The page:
30 April 2018

#SDGsinAcademia: Goal 1

As part of the ongoing campaign on the Sustainable Development Goals carried out by the United Nations, United Nations Nations Academic Impact (UNAI) is presenting a weekly series of articles on #SDGSinAcademia that highlights the importance of higher education in achieving the Goals. Featuring additional sources for use by faculty and students alike, this series is intended to inspire action on the SDGs and showcase activities and initiatives of UNAI member institutions.

30 April 2018 - This week we are featuring in our #SDGsinAcademia series Goal 1: End poverty in all its forms everywhere

Targets:

  • 1.1 By 2030, eradicate extreme poverty for all people everywhere, currently measured as people living on less than $1.25 a day
  • 1.2 By 2030, reduce at least by half the proportion of men, women and children of all ages living in poverty in all its dimensions according to national definitions
  • 1.3 Implement nationally appropriate social protection systems and measures for all, including floors, and by 2030 achieve substantial coverage of the poor and the vulnerable
  • 1.4 By 2030, ensure that all men and women, in particular the poor and the vulnerable, have equal rights to economic resources, as well as access to basic services, ownership and control over land and other forms of property, inheritance, natural resources, appropriate new technology and financial services, including microfinance 
  • 1.5 By 2030, build the resilience of the poor and those in vulnerable situations and reduce their exposure and vulnerability to climate-related extreme events and other economic, social and environmental shocks and disasters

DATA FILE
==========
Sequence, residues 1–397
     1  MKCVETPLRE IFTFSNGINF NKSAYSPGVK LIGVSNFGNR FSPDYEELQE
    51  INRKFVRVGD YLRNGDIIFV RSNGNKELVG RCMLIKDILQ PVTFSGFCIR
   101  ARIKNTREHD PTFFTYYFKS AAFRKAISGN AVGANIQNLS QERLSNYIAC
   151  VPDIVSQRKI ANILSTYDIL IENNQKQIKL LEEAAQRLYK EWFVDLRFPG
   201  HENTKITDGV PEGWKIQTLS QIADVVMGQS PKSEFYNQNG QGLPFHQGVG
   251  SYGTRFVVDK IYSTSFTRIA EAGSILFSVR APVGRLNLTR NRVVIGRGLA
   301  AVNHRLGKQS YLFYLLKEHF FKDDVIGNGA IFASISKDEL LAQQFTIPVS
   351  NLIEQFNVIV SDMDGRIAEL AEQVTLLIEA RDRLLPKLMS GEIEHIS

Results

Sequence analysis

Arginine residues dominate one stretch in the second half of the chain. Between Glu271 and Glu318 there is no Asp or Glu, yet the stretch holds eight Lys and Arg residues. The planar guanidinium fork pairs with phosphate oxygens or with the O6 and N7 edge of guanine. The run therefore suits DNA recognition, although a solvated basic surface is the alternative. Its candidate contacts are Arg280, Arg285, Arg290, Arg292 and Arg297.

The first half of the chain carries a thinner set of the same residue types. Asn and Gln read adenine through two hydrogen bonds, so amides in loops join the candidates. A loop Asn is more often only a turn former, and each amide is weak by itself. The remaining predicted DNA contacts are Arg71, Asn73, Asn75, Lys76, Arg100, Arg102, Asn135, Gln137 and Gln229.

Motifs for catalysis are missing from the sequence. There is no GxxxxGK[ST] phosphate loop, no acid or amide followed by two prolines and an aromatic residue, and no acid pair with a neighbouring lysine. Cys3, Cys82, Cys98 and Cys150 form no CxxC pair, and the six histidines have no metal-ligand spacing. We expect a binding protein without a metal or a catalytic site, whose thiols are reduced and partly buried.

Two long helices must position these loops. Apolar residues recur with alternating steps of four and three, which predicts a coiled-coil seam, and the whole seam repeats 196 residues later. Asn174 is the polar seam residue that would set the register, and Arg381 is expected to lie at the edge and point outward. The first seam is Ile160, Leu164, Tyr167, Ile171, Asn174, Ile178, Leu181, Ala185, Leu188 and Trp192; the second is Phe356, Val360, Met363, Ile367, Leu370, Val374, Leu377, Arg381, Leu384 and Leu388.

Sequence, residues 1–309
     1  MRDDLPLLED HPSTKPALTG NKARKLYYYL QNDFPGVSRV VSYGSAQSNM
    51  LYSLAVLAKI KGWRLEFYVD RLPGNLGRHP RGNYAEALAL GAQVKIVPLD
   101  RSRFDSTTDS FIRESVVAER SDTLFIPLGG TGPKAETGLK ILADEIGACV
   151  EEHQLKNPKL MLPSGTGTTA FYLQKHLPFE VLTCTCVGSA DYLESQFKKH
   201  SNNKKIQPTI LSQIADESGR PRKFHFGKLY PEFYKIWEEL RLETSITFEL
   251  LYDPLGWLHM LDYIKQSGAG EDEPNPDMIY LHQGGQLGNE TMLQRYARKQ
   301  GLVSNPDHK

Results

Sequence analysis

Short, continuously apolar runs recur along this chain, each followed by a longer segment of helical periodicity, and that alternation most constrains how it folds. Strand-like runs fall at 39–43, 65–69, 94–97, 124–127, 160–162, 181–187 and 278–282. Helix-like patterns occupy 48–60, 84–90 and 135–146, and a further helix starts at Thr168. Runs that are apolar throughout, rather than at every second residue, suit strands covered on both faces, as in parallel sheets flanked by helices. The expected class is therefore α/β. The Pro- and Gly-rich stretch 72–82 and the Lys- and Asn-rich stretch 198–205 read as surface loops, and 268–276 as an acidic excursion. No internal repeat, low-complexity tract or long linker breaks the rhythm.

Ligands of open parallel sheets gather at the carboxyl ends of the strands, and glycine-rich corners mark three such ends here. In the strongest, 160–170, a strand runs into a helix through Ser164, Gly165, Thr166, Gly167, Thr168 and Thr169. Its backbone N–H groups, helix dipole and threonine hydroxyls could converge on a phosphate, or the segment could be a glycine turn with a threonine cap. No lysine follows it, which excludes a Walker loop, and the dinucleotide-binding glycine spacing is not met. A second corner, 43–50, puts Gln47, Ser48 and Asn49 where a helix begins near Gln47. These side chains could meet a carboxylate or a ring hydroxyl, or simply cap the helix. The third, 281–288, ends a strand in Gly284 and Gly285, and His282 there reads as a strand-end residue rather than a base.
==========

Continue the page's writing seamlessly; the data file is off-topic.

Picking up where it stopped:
• 1.A Ensure significant mobilization of resources from a variety of sources, including through enhanced development cooperation, in order to provide adequate and predictable means for developing countries, in particular least developed countries, to implement programmes and policies to end poverty in all its dimensions
  • 1.B Create sound policy frameworks at the national, regional and international levels, based on pro-poor and gender-sensitive development strategies, to support accelerated investment in poverty eradication actions

What are UNAI member institutions doing about Goal 1? Here are some examples:

  • The University of Southampton (United Kingdom) is the project lead for the Ecosystem Services for Poverty Alleviation (ESPA Deltas), which aims to provide policymakers with the knowledge and tools to enable them to evaluate the effects of policy decisions on people's livelihoods.  This is being done by a multidisciplinary and multinational team of policy analysts, social and natural scientists and engineers.  Collectively they are using a participatory approach to create a holistic approach to formally evaluating ecosystem services and poverty in the context of the wide range of changes that are occurring. These changes include subsidence and seal level rise, land degradation and population pressure in delta regions. The approach is being developed, tested and applied in coastal Bangladesh, but is expected to ultimately be applicable by other deltas.